Germany was one of the pioneers. With its vital automotive sector sputtering in the wake of the global recession, the German government launched “Abwrackprämie” or the Cash for Clunkers program at the beginning of the year, a move that the U.S. eventually replicated. Abwrackprämie was a huge hit, and it pushed car sales in Germany for seven consecutive months since its launch. Now, not unlike its jalopies, the program has been scrapped.
Other countries, including the U.S. have offered similar programs, but Germany towered over them all with the sheer size of its package. Each participant in the program was allowed a € 2,500 ($3,600) government rebate to buy a new car in exchange for a clunker at least nine years old. In all, the government spent $7 billion to rescue its automotive industry, albeit temporarily. That is almost twice the size of the package that the U.S. offered, for a market that is much smaller. Obviously, a lot of money has been spent – but how do the Euros stack up?
Germany’s Federal Office of Economics and Export Control estimates that around two million old cars have been exchanged. Registrations of new cars surged 28% in August from a year ago to 275,200 vehicles, as buyers hurried to benefit from the rebate before the program ran out of funds. Critics of the program, on the other hand, use this data to point out that car production and exports have in fact fallen for the 11th straight month, and so far, the program appears to have benefitted large automakers only.
Crucially, there was one important flaw in the German program – while the U.S. mandated the ‘clunkers’ to be destroyed, there was simply no such directive in Germany. Old cars made their way to junkyards and car cemeteries – where many were stolen by enterprising car thieves who resold the cars in Eastern Europe and elsewhere. Ridding the planet of these gas guzzlers and doing the world a good deed simply did not work in the German program.
Supporters of the program say that Abwrackprämie helped Germany avoid a long-term recession by registering a modest growth of 0.3% in the second quarter. And, it pushed the normally thrifty German to let go of some of his hard-earned Euros, driving up consumer spending. Yet, the fact remains that unless global demand picks up, Germany’s predominantly export-oriented automotive sector might find the going harder next year. In fact, analysts from Roland Berger Strategy Consultants predict a steep fall in demand beginning this year itself, and extending into 2010. This will result in job losses of as much as 90,000. Retailers too have complained that the scheme dragged their sales down, as customers preferred to postpone other major purchases in order to buy a new car. No doubt, the program helped struggling auto manufacturers to stay afloat, but it also masked underlying problems plaguing the industry in Germany. Simply put, overcapacity resulted in bloated inventories at dealerships. Now, with Germany’s labor costs among the highest in the global automotive industry, recession or not, more and more companies will find it economically more feasible to shift production to lower cost destinations in Eastern Europe or Asia.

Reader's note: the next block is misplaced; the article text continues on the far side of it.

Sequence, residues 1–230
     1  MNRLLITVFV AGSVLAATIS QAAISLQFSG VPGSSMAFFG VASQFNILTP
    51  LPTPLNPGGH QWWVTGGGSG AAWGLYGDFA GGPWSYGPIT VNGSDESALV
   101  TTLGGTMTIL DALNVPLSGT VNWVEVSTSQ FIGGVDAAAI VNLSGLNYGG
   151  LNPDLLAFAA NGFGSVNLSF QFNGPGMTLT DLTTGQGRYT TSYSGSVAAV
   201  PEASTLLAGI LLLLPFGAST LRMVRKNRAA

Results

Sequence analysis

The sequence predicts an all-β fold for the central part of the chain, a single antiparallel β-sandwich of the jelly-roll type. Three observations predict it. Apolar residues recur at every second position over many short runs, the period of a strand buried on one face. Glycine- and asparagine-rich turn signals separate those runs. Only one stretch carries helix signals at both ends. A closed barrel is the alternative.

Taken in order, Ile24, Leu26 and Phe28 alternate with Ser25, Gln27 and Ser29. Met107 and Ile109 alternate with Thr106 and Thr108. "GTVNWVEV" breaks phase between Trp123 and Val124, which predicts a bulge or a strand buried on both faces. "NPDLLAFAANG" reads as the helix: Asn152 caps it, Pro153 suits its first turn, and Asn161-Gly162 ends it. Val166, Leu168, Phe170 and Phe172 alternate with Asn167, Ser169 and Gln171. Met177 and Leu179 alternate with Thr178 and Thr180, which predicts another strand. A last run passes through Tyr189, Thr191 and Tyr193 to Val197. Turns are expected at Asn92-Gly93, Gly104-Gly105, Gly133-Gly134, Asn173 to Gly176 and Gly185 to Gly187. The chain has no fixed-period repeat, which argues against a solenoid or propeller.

Ultimately, for the Euros to add up, Germany is banking on global demand returning to pre-2007 levels. But, with most major economies just barely limping out of a recession, Deutschland may well have to wait a long time to celebrate. In the meantime, some car thieves are enjoying an entirely different Cash for Clunkers program of their own.
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